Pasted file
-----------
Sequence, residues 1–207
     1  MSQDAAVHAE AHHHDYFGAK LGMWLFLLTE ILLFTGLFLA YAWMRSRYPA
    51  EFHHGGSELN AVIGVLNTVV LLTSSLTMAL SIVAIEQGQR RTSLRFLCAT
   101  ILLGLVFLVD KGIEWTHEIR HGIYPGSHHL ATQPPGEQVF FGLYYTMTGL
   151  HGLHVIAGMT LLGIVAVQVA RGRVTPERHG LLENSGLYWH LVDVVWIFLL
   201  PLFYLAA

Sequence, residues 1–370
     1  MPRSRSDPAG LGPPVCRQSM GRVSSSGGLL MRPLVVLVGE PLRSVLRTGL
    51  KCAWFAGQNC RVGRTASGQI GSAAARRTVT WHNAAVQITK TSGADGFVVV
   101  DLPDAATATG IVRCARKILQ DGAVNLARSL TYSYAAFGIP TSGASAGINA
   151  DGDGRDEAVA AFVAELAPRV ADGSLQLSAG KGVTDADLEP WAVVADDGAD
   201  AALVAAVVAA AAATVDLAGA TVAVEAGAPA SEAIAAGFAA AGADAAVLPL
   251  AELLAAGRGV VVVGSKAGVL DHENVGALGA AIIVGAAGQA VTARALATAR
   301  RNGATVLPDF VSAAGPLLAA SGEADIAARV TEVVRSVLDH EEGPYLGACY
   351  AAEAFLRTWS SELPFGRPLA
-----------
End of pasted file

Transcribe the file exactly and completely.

Sequence, residues 1–207
     1  MSQDAAVHAE AHHHDYFGAK LGMWLFLLTE ILLFTGLFLA YAWMRSRYPA
    51  EFHHGGSELN AVIGVLNTVV LLTSSLTMAL SIVAIEQGQR RTSLRFLCAT
   101  ILLGLVFLVD KGIEWTHEIR HGIYPGSHHL ATQPPGEQVF FGLYYTMTGL
   151  HGLHVIAGMT LLGIVAVQVA RGRVTPERHG LLENSGLYWH LVDVVWIFLL
   201  PLFYLAA

Sequence, residues 1–370
     1  MPRSRSDPAG LGPPVCRQSM GRVSSSGGLL MRPLVVLVGE PLRSVLRTGL
    51  KCAWFAGQNC RVGRTASGQI GSAAARRTVT WHNAAVQITK TSGADGFVVV
   101  DLPDAATATG IVRCARKILQ DGAVNLARSL TYSYAAFGIP TSGASAGINA
   151  DGDGRDEAVA AFVAELAPRV ADGSLQLSAG KGVTDADLEP WAVVADDGAD
   201  AALVAAVVAA AAATVDLAGA TVAVEAGAPA SEAIAAGFAA AGADAAVLPL
   251  AELLAAGRGV VVVGSKAGVL DHENVGALGA AIIVGAAGQA VTARALATAR
   301  RNGATVLPDF VSAAGPLLAA SGEADIAARV TEVVRSVLDH EEGPYLGACY
   351  AAEAFLRTWS SELPFGRPLA